Ahhh, Robert Frost. What a truly magnificent poem this is. If you’ve never heard reference to it before, then you must have been living under a rock. It’s one of the most famous and most quoted poems going around. And really, I can see why.
When you read it – the longing and almost regret of having to choose between two paths is palpable. The beautiful vividness of how he explains the details of each path and how each one is a perfectly viable option. There’s hopefulness in the 3rd stanza that he might be able to return to this point and try the other path at some point. But in the end, he has to make a choice – and that choice is really unknown whether it was the better option or not – but it “made all the difference”.
We’ve all felt like that before.. school, career, family, where to live, what to do. Choices – regret; hopefulness; acceptance; and then reflection. But in the end – all of our choices – whether right or wrong, have made all the difference to who we are as human beings.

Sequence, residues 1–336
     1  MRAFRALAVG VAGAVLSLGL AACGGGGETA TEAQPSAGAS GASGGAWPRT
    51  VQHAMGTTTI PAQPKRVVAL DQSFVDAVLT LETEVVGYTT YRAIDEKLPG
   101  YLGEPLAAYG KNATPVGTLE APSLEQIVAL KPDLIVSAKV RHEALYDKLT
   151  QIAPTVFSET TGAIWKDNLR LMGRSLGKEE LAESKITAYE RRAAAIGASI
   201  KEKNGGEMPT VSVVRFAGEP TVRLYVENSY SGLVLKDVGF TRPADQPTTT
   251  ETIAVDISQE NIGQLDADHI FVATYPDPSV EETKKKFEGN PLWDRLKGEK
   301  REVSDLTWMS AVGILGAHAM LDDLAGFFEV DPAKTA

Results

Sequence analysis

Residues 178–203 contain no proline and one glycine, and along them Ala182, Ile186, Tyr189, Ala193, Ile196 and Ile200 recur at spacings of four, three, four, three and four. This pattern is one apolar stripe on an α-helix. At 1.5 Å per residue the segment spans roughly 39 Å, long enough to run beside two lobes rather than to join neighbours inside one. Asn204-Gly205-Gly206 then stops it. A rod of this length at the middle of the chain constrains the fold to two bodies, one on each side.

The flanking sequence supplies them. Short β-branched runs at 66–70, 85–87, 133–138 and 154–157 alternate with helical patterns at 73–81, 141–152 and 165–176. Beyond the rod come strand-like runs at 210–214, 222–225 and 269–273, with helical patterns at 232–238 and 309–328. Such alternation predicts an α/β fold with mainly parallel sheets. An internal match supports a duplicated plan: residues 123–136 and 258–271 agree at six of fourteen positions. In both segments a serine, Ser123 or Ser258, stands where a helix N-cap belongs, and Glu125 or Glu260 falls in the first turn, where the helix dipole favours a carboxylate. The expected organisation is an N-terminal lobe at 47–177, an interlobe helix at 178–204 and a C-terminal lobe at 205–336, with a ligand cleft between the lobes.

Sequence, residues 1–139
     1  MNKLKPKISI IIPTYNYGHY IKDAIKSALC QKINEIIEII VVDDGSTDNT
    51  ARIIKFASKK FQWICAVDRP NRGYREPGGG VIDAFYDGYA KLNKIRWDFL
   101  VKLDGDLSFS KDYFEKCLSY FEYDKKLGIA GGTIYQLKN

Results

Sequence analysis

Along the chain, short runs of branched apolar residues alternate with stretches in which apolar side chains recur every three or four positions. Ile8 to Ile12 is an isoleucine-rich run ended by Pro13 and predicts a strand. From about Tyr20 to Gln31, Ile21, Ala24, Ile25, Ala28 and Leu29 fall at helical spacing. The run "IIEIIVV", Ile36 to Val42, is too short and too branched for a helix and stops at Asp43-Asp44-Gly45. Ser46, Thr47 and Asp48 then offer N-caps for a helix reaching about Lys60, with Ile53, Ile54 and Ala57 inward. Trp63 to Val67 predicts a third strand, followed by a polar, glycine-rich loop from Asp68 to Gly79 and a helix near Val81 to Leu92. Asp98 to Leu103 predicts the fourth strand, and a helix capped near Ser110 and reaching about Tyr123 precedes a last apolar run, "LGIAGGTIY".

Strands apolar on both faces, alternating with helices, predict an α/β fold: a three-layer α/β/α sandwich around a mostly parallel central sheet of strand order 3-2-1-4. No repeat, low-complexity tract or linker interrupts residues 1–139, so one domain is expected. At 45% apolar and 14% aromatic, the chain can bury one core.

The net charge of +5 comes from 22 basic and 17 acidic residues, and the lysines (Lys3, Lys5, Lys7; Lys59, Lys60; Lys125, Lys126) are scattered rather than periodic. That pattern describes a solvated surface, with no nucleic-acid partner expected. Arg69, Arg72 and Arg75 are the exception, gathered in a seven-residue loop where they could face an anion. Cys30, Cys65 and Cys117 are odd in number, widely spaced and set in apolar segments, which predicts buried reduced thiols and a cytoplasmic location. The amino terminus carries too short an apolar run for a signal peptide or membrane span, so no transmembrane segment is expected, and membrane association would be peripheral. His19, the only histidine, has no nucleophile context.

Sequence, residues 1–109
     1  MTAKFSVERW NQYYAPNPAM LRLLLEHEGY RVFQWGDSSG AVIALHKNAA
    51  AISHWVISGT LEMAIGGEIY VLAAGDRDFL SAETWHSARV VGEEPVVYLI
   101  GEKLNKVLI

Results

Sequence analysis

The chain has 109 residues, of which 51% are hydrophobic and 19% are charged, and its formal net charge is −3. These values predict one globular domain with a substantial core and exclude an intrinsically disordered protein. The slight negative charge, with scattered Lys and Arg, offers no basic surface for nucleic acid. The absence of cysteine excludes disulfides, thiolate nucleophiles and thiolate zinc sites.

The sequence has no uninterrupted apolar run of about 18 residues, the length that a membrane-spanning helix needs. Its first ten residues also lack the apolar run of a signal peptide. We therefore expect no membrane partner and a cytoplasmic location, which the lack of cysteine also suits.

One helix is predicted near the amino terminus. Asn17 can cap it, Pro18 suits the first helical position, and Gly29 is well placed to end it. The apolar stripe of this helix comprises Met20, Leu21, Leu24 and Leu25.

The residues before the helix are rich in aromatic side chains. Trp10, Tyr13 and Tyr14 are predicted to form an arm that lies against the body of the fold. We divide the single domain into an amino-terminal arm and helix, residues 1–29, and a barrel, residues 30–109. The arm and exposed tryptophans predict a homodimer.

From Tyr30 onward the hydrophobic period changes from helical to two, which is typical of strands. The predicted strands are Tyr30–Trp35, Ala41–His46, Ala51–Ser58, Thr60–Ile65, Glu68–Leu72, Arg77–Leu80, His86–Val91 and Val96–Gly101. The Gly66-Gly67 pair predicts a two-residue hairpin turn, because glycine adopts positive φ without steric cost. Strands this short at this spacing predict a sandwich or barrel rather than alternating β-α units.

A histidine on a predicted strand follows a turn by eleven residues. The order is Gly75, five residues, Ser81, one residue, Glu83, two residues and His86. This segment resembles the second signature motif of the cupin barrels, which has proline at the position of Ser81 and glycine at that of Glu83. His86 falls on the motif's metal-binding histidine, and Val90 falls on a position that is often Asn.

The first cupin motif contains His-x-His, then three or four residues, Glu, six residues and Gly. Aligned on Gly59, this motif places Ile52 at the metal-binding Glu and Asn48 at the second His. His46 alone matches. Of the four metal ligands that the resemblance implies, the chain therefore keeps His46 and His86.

Robert Frost was an American poet who is critically respected as being one of the finest poets of the twentieth century. He died in 1963 at the respectable age of 88. To read his poems – he appears quite quiet and methodical, almost studied and withdrawn.. however from what I’ve read it appears quite the opposite was true. He loved to be engaged in conversation. Raymond Holden explained in his 1931 New Yorker profile of Frost – that he had a strength and vividness to him… he loved to
“sit up late and talk, eating apples, gossiping about everyone and everything, a little maliciously sometimes but always brilliantly and soundly.”
He sounds like my kind of guy!
The Road Not Taken was actually intended as a gentle mocking of his friend and fellow poet Edward Thomas who used to be very indecisive about which path to take when they would venture out for their walks together. Frost didn’t intend it to be taken very seriously – however Thomas took it quite seriously and personally and the story goes that it was final straw in Thomas’ decision to enlist in World War 1 where he was unfortunately killed 2 years later in the Battle of Arras.